Table 1. Summarized characteristics of study participants

1. Inadequate knowledge provided on pharmacology and pathology during IBSS.

2. Structured and well-organized module system of the ASS.

3. Wide variety of clinical attachments during CS.

4. Inefficient community and behavioural sciences stream time allocation.

5. Lengthy duration and poor organization of entire course.

Summary of major themes

1. Inadequate knowledge provided on pharmacology and pathology during IBSS

The students felt that the IBSS was the most difficult time period at the faculty, as they were exposed to a vast amount of knowledge in seven subjects (Anatomy, Physiology, Biochemistry, Pathology, Pharmacology, Microbiology and Parasitology) over a relatively short period of time. Most of the subject matter was taught without emphasizing on the relevance to clinical application, and exam questions were mostly theory-oriented than clinical-oriented.

"We were not taught the clinical relevance of most of the subject matter in IBSS resulting in our studying being focused only towards passing exams with poor retention of clinically oriented subject-matter, which resulted in a substandard performance during clinical attachments"

This was mainly with regards to Anatomy and Biochemistry. The teaching activities in Physiology were seen as being more clinically oriented than the other six subjects and hence students' felt that it was an easier subject to study. Students' strongly felt that this irrelevant teaching in certain subjects compromised the teaching activities in Pathology and Pharmacology. In addition since Pathology and Pharmacology were taught during IBSS and the examination was a single 'combined' paper including all four subjects (together with Parasitology and Microbiology), more time, effort and attention was focused towards Anatomy, Biochemistry and Physiology.

"Due to inadequate teaching of Pathology and Pharmacology, we were at a disadvantage during clinical attachments and out inability to derive explanations to clinical scenarios from these two fundamental basic sciences were criticized frequently by clinicians during clinical attachments"

"Pathology and Pharmacology were taught during the ASS with separate modules, however since the individual module examinations in ASS were mainly clinical oriented we were able to pass exams without studying the Pathology and Pharmacology sections in each module"

The initial IBSS time period was also felt as being difficult due to several other reasons; a) it being a period of adjustment from teacher-based learning in schools to self-learning in the faculty, b) difficulties in language adjustment from 'Sinhala/Tamil' (native language) based school teaching to English based university teaching, c) inadequate guidance provided on study methods and recommended books, d) difficulties in adjusting to the university lifestyle and e) living separated from family members and loved ones.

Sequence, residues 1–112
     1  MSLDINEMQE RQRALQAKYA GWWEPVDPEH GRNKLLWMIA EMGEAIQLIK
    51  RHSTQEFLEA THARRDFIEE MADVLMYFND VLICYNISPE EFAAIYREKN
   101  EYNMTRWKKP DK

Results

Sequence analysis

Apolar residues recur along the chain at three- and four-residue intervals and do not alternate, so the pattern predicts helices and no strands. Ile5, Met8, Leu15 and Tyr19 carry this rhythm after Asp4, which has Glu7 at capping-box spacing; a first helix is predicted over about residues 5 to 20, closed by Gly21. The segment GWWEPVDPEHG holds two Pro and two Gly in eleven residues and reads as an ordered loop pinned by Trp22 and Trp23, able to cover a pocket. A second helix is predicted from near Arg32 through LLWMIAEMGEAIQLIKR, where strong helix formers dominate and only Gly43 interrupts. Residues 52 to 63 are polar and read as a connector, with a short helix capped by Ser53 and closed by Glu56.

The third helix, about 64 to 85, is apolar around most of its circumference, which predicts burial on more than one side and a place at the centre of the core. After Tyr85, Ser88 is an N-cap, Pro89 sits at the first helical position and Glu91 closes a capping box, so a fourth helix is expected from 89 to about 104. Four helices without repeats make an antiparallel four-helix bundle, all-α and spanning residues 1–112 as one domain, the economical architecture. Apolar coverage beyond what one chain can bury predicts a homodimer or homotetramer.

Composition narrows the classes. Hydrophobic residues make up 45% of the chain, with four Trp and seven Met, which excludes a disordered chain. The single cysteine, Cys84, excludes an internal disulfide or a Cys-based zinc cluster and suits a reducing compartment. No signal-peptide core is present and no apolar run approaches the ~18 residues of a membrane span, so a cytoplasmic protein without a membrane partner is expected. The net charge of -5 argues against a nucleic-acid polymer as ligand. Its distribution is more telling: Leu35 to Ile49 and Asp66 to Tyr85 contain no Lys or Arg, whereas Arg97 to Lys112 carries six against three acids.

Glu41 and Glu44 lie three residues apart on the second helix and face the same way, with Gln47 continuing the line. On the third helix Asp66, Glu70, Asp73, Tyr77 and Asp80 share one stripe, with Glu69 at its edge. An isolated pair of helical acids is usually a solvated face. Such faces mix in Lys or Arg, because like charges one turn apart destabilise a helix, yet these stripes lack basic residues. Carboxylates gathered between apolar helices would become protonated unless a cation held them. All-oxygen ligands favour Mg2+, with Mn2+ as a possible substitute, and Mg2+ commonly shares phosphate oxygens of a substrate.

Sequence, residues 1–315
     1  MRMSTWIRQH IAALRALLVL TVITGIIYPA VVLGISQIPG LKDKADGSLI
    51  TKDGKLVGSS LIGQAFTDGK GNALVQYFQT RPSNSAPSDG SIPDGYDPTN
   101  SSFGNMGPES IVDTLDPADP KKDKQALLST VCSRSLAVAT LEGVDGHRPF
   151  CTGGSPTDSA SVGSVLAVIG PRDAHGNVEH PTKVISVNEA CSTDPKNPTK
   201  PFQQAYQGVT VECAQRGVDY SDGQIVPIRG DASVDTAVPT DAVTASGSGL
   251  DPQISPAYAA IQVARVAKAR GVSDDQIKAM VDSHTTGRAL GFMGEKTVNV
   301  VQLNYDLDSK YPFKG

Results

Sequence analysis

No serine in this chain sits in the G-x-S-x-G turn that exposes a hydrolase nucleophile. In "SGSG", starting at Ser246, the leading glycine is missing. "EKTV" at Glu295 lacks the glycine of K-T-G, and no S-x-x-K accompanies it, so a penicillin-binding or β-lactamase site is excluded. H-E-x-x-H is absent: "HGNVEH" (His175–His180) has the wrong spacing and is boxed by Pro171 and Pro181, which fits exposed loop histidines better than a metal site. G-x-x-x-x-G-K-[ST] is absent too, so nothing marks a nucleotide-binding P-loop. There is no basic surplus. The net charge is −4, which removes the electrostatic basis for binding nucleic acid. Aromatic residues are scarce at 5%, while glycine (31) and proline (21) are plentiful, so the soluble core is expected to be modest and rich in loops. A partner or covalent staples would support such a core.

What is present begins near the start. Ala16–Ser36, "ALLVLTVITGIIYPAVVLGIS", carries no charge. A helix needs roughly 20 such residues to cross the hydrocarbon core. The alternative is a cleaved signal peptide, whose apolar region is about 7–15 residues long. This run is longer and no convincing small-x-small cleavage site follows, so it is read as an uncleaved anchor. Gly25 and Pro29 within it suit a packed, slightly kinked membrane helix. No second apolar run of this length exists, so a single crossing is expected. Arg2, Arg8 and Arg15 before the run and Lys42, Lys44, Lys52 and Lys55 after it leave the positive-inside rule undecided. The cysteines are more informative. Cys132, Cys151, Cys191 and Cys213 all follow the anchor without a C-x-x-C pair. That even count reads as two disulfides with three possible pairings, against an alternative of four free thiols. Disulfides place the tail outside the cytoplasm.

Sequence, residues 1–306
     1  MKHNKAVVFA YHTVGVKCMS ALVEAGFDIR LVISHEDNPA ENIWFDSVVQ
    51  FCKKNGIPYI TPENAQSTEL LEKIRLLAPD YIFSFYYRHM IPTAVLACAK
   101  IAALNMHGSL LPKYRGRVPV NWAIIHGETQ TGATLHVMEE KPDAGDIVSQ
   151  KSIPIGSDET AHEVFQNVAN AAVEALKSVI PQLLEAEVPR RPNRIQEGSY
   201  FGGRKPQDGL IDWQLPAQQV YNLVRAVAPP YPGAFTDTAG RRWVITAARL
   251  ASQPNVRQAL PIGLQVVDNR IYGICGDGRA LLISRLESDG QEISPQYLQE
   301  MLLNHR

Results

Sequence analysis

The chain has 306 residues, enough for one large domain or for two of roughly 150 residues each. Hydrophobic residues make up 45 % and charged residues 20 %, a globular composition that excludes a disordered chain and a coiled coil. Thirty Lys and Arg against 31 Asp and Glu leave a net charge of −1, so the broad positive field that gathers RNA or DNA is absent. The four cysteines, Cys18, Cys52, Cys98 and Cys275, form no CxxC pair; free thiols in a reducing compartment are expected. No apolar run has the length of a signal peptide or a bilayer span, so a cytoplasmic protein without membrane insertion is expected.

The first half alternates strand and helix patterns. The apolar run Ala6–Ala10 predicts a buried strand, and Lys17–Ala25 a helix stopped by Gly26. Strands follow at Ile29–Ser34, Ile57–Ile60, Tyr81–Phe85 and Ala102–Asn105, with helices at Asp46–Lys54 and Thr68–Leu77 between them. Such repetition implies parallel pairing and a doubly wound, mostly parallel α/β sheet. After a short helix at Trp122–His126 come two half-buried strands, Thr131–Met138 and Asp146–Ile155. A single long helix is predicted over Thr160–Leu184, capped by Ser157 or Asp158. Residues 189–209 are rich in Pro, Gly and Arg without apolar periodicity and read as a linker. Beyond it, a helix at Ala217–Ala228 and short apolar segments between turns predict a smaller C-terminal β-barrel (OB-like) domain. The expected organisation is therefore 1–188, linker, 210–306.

2. Structured and well-organized module system of the ASS

The students felt that the module based system during the ASS as a whole was well-organized and gave a broader picture on clinical oriented learning. However, the individual module structures were different from one another and certain important modules such as the Cardiovascular system module were poorly organized. They strongly agreed that the module workload was comparatively less than the IBSS. In addition having frequent assessments at end of each module was seen as an advantage as it helped to maintain focus on studies. Sometimes modules were not well aligned with the clinical appointments that the students' were engaged in during the same time period.

"For most of us the motivation for learning was having exams and hence frequent exams during the ASS was very helpful"

"We completed the Neurology clinical attachment more than 8 months prior to the Neurology module during the ASS and if we had the relevant module teaching prior to the clinical attachment it would have been better"

Module lectures by clinicians were very efficient and helpful. Students felt that having no vacation period during the lengthy ASS was stressful. Students were strongly dissatisfied with the frequent changes to module lecture schedules.

"Each module concluded with a short study leave and exam, immediately followed by the commencement of the next module"

"When lecturers have other commitments there is frequent alteration in the lecture schedule, which should not happen"

3. Wide variety of clinical attachments during CS

The wide variety of clinical attachments during the CS was seen as being advantageous and clinical attachments significantly helped to retain studied knowledge. However teaching during individual clinical attachments varied immensely between different clinical groups and depended entirely on the in-charge consultant/specialist. This resulted partly due to inefficient interactions between the faculty staff organizing the curriculum and clinicians in charge of clinical attachments at hospitals.

"Objectives of each clinical attachment were not specific and they were poorly communicated to consultants/specialist in-charge of clinical attachments"

"Consultants/specialist should be given a basic training on teaching, as the variation in ability to teach among different specialist compromised our clinical knowledge"